At The Point in Saranac Lake, New York, a small Adirondack Mountains resort built by a nephew of John D. Rockefeller IV, dogs can romp the 10-acre grounds, swim in the lake, and sleep in Architectural Digest-worthy log cabins with their owners. "We say dogs don't go to heaven when they die, they go to The Point," says manager Tim Thuell, whose own two dogs live at The Point (800-255-3530), where rooms start at $1,000 per night, three meals included.
At the Grove Isle Club & Resort (305-858-8300), Miami's only Relais & Chateaux property, Fido can gobble up grilled sirloin and mushrooms with a side of bones or lap up milk on the outdoor patio. Of course, there's room service if Rover prefers to eat in. Louis Vuitton carriers and Coach leather collars are available for purchase for furry fashion victims, who sleep on Frette sheets with their owners, in rooms decked out with mahogany furnishings and Italian marble baths.
"Our guests are interested in the high-end, and are really enthusiastic about bringing their pets," says Grove Isle spokeswoman Rebecca Kollaras. "One brought a little froufrou dog every two months from the time it was a three-month-old puppy until it was a year old."
But don't forget the felines. Miss Thing, a cuddly 17-pound cat, slept in Super 8 motels with her owner from Boston to California. "Every single front-desk clerk cooed over her and wanted to come visit her in my room," says Fanny Whitestone, a San Francisco-based writer.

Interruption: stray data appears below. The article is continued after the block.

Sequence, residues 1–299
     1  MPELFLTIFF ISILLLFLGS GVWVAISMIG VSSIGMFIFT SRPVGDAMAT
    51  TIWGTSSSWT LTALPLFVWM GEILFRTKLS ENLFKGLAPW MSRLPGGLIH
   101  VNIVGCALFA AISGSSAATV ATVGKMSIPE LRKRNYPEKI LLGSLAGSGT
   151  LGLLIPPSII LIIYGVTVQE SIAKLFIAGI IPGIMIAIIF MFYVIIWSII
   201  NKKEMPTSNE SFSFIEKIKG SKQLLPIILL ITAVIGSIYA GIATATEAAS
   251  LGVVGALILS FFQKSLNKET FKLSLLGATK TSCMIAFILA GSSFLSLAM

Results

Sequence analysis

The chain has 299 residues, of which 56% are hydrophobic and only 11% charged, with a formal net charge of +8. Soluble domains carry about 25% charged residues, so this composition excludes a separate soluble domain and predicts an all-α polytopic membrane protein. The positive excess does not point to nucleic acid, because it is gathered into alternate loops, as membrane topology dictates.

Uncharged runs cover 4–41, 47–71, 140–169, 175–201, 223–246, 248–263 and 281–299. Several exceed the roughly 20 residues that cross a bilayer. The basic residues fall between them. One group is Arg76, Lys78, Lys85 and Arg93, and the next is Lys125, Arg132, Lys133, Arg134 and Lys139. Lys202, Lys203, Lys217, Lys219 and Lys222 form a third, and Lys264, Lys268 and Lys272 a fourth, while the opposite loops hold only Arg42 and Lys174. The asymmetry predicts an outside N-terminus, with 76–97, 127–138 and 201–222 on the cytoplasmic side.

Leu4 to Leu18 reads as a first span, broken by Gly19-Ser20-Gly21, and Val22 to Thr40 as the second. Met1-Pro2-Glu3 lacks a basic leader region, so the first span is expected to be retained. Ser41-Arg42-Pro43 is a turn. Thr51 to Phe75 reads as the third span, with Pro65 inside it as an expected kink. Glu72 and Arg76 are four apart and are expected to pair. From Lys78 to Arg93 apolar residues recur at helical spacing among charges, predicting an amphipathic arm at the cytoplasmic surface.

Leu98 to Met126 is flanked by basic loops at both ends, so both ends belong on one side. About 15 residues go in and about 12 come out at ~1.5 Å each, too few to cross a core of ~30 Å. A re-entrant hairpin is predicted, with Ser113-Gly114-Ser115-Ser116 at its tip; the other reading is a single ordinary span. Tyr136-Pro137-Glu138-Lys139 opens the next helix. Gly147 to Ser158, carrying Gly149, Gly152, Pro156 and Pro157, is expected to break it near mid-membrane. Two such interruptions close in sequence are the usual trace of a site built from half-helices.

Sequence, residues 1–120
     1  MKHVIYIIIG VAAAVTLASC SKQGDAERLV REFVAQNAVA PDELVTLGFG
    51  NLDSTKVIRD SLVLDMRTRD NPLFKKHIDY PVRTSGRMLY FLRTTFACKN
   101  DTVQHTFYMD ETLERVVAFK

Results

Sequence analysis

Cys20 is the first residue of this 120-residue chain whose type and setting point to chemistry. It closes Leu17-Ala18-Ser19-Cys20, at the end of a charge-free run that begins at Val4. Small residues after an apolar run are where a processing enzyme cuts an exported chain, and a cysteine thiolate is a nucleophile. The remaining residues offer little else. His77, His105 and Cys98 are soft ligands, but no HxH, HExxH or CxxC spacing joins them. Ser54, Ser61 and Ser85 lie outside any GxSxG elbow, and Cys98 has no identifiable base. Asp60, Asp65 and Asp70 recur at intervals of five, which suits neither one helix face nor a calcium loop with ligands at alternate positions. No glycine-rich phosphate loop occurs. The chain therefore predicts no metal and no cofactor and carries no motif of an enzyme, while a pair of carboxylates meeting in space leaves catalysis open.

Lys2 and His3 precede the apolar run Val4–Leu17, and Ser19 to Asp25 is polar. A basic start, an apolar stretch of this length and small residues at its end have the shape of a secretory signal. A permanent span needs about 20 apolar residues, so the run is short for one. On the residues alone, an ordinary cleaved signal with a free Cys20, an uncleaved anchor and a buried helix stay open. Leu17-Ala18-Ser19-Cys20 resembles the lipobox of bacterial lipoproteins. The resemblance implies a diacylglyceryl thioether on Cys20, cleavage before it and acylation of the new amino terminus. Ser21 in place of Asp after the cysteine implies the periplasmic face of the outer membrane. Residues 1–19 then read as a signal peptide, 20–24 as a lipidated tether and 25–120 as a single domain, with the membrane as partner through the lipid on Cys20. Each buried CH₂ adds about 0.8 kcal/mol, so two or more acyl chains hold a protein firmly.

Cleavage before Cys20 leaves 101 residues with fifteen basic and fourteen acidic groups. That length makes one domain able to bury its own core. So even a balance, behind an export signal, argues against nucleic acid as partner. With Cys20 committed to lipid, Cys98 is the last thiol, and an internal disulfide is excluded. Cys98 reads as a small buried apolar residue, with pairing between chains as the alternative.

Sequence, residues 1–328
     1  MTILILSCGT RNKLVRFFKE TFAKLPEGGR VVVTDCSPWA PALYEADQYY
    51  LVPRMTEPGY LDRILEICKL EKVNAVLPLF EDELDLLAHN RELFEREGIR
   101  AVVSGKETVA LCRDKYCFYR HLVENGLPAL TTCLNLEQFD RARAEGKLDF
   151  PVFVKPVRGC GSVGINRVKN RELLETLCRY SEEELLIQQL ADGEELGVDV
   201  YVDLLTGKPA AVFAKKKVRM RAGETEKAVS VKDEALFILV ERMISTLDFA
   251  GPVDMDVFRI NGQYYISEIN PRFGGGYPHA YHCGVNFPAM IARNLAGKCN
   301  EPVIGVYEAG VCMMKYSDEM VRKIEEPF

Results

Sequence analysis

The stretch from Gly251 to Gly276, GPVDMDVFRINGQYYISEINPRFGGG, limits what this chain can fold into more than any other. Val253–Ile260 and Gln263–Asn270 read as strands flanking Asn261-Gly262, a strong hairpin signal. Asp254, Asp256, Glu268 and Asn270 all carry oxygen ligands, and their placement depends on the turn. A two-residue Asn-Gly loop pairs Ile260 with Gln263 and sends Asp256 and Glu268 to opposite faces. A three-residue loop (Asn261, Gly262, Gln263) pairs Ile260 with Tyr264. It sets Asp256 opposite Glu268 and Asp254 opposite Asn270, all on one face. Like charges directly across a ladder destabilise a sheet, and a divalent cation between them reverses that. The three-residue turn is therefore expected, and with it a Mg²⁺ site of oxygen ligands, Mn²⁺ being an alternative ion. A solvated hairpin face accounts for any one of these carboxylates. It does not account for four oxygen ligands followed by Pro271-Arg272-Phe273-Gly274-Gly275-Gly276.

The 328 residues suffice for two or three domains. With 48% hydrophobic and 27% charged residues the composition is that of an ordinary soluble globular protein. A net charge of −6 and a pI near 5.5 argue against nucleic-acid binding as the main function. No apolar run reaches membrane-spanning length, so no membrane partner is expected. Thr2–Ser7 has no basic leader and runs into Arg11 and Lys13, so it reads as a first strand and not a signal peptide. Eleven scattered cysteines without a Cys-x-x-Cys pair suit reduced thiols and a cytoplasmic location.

Still, pet policies vary widely. Dogs are favored - generally small ones, 20 to 25 pounds or less - but sometimes cats (and an occasional bird) are permitted. Fees generally range from free to $25 per night per pet. Some lodgings allow only certain breeds, or request a hefty deposit that's nonrefundable if the pet damages the room. At some hotels, pets can't be left alone in guest rooms unless they're crated or confined in a bathroom, and are off-limits in public areas like lobbies, restaurants, and lounges.
But it's those places that welcome animals with open arms that keep pet owners coming back. Consider Antoinetta D'Addio, a New York public relations executive, who took Lucy, her black Shih Tzu, on a recent Rome to New York flight. Says D'Addio, "I couldn't bear leaving her with someone else." And luckily, she doesn't have to.
McDonnell is the author of five nonfiction books, and has written for The New York Times and Specialty Travel Index among others.